There is no secret sauce, no hidden ingredient, no oral history handed down on how to do what we’ve been doing the last quarter-century. Parenting: We are pretty much making this up as we go. And this week, our starter baby gave us a brand new title of “in-laws” as he married the darling girl down the street.
Along the way, we had a lot of advice and some top-notch role models, but mostly we were navigating with no map (or a map held upside down in the dark so as not to wake the baby). No one really checked on us except once for sure, and maybe twice. Someone came out of the hospital as we left with our newborn and wiggled the infant car seat around to be sure we’d installed it correctly. Then a few years later when that same child was about 3, the daycare center asked me to clarify why he told them he stayed in a cabinet all weekend. Cabin. Cabin. He stayed in a cabin. We went to a state park, it rained all weekend, and we spent the whole time in the cabin. But really, thank you for checking.
Mostly, we learned as we went. We paved the path as we walked it. I had dear friends in the same new mom boat, and we fielded each others’ parenting questions in the days before Google and WebMD — and maybe that was a good thing. We slept our 1991 new babies on their tummies, then the dictate reversed and we slept our 1993 new babies on their backs. We had baby walkers with wheels, and then those were banned before next baby came along. What? Okay. No time to be confused, or to maybe think you’re kind of a guinea pig in a parenting study, just over here learning and re-learning.
He didn’t say much and then spoke in full sentences. He walked late, he rode a bike late, and was hesitant to swim. No matter! He talks and walks and swims and rides bikes just fine. Can I have back the sleep lost over the “late”? Nope. Lose sleep over teen driving and getting home from parties. That’s a “late” that’ll keep you up at night.
He wanted to walk to kindergarten two miles away like his friends (who lived much closer). So we did, with his toddler brother in the stroller. It was not a great idea, and I lifted him onto my back those last few blocks, telling him to hold on tight like a baby monkey at the zoo while I stepped it up Michigan-time (marching band reference) to avoid the tardy bell. I spent a good deal of time after that adventure arguing that “monkey-tight” was not a viable mode of transportation. Lesson learned.
After the third baby, we moved to a bigger house with three bedrooms: small, medium, and large. As parents, we took the large bedroom. We put the boys in the medium room and their baby sister in the small room. It made sense to us. The boys, however, drew up a list of why they should have the large bedroom. Our oldest, age 8, called a meeting and presented it to us: They had friends over and played in their room, and all we ever did was sleep in our room. They would not have Lego villages, Matchbox tracks, and Playmobil encampments stretching from living room to dining room if they had a larger room to set those up in — solid arguments. They got the bigger room.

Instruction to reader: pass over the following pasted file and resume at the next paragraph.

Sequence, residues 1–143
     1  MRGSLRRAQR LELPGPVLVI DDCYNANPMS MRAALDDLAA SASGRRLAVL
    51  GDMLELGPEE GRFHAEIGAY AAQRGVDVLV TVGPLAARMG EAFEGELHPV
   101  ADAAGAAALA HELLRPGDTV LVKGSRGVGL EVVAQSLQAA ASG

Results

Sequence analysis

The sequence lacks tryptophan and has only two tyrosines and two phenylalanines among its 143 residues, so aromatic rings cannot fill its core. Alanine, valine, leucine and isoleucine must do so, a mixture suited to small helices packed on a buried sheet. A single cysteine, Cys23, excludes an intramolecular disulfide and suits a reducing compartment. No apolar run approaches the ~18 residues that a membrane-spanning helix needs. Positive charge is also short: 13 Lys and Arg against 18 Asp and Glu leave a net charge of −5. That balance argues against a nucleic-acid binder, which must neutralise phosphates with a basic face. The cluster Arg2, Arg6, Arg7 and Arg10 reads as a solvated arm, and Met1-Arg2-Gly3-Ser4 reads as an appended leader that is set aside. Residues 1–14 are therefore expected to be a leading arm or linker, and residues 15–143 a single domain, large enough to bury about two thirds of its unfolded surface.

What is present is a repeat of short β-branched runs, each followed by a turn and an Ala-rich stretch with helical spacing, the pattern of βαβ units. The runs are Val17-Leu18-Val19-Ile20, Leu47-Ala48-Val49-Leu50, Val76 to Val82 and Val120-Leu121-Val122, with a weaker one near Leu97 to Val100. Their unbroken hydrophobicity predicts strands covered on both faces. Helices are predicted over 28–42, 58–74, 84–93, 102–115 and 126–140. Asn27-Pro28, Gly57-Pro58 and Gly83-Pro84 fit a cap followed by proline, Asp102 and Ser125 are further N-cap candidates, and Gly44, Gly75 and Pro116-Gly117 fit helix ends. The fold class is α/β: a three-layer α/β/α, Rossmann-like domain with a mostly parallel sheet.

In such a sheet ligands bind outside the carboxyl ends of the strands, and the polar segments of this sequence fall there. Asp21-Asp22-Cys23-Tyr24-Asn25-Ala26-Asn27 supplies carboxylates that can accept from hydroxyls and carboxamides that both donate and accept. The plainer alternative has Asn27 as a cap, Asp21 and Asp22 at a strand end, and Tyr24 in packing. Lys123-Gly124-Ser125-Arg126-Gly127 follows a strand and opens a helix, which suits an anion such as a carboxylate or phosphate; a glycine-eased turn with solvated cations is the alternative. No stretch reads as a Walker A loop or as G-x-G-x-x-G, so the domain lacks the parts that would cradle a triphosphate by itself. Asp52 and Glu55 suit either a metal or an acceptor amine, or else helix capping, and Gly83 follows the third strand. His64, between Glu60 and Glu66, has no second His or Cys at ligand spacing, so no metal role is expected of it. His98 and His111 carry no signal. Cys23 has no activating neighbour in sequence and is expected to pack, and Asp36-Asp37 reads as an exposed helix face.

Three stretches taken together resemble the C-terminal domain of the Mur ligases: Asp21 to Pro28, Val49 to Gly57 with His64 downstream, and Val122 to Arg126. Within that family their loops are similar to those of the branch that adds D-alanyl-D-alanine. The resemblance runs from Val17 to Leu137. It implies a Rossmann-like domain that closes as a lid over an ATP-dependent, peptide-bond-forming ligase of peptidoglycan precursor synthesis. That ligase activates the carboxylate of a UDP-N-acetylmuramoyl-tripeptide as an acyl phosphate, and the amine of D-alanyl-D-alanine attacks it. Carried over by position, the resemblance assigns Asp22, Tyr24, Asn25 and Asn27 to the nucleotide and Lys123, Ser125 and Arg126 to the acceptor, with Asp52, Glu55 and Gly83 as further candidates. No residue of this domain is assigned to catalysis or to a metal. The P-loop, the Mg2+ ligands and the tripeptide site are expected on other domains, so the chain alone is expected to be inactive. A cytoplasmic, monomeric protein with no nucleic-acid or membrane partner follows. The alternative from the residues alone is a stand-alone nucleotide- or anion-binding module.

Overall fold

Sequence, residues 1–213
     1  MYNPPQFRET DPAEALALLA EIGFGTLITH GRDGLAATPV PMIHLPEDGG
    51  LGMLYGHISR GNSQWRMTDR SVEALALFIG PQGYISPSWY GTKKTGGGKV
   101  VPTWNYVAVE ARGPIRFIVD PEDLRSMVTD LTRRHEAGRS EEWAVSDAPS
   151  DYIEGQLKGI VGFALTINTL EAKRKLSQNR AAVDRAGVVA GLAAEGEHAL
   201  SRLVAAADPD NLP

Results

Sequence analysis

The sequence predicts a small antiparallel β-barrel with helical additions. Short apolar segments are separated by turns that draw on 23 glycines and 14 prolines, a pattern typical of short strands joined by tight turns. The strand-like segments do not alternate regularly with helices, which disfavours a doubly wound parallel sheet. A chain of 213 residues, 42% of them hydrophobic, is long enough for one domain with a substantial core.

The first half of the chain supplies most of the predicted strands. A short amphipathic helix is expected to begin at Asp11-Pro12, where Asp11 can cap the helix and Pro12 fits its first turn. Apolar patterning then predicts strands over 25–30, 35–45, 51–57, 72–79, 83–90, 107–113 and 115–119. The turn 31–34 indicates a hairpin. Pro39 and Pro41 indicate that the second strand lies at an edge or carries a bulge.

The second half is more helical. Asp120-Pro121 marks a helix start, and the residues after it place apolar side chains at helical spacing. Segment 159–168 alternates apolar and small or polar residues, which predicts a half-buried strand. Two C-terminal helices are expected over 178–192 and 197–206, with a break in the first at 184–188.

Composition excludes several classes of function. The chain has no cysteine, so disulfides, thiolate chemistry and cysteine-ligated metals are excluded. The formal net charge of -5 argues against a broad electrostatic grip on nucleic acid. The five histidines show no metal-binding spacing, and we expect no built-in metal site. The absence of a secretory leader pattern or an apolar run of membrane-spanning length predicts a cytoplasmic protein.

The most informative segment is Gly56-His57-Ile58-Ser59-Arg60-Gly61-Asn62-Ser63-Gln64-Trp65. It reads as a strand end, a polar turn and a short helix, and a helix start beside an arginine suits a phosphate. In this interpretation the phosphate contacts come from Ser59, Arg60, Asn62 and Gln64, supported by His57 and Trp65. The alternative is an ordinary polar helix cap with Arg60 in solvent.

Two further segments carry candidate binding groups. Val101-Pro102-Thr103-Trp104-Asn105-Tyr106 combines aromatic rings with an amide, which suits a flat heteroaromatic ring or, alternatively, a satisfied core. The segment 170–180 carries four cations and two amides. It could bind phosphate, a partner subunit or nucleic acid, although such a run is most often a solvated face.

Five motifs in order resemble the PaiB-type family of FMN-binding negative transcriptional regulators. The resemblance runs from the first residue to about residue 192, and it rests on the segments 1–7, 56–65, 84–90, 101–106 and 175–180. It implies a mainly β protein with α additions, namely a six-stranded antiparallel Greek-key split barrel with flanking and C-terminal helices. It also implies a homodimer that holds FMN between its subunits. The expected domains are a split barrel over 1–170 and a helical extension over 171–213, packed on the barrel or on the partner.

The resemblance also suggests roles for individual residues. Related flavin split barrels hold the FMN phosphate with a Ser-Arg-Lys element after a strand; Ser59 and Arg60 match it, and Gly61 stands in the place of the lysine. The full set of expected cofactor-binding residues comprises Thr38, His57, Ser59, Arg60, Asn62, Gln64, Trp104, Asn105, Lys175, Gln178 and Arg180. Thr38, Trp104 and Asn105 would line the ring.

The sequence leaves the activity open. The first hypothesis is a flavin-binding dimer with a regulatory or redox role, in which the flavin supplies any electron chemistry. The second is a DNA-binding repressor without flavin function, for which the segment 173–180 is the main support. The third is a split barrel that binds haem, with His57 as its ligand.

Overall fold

Much later, that same son at age 11 made a list of all the adults shorter than he was who sat in the front seat of their cars, all because he wanted to ride shotgun and the law dictated he had to be 12 to do so. Solid argument. Lessons learned.
Guided by just enough grace, some tough questions were fielded, often with tears mixed into the honesty. When he was in third grade and his classmate died suddenly at school, he demanded how God could let this happen. I told him the truth: I don’t know, but when I have coffee with God, this is the first thing I’m asking. Many other issues joined the list of what to ask when I have coffee with God, but none as heartbreaking as that. A year later, when we told the kids I had cancer and he asked if I was going to die, I answered tearfully and as truthfully as I knew how: Yes, but not of this. Hard lessons.
Other lessons tumbled alongside life happening and time flying: A mountain of ball-bearings won’t support a minivan, so don’t drive up that. You can wear your baseball uniform to a ceremony to accept your archdiocese math medal. Lacrosse is a contact sport. You’ll need that Spanish you learned. Playing guitar for others is a gift. Laughter with grandparents is a treasure. Time at the beach or the ballpark is never wasted. You can be a picky eater, and then one day you just are not that anymore. Your brother is your wingman, and you are his. Countersteer into the icy spin. Double back and run arms-linked with your mom across the finish line of the National Race for the Cure. Share the struggles, share the joy, share the ice cream and the music and the memories. And hang that grad-school diploma high with a damn spotlight shining on it.
And then when you find the right girl was down the street the whole time, and you spend your evenings walking together around the neighborhood, talking past curfew in her treehouse, then making a list of top-five movies for each other to watch in order to “get” each other, go to college and take classes together, travel on service trips together, design and build bridges together, vacation together, you really will “just know.”
As your brother said upon your engagement: Zero people are surprised, and 100% of the people who know you two are delighted. Not bad for not knowing what we were doing — we set the navigational beacons along a course we could barely see, and you did the rest. Godspeed to you and your sweetheart bride.
Sometimes, you hold monkey-tight, and sometimes, you gently let go.
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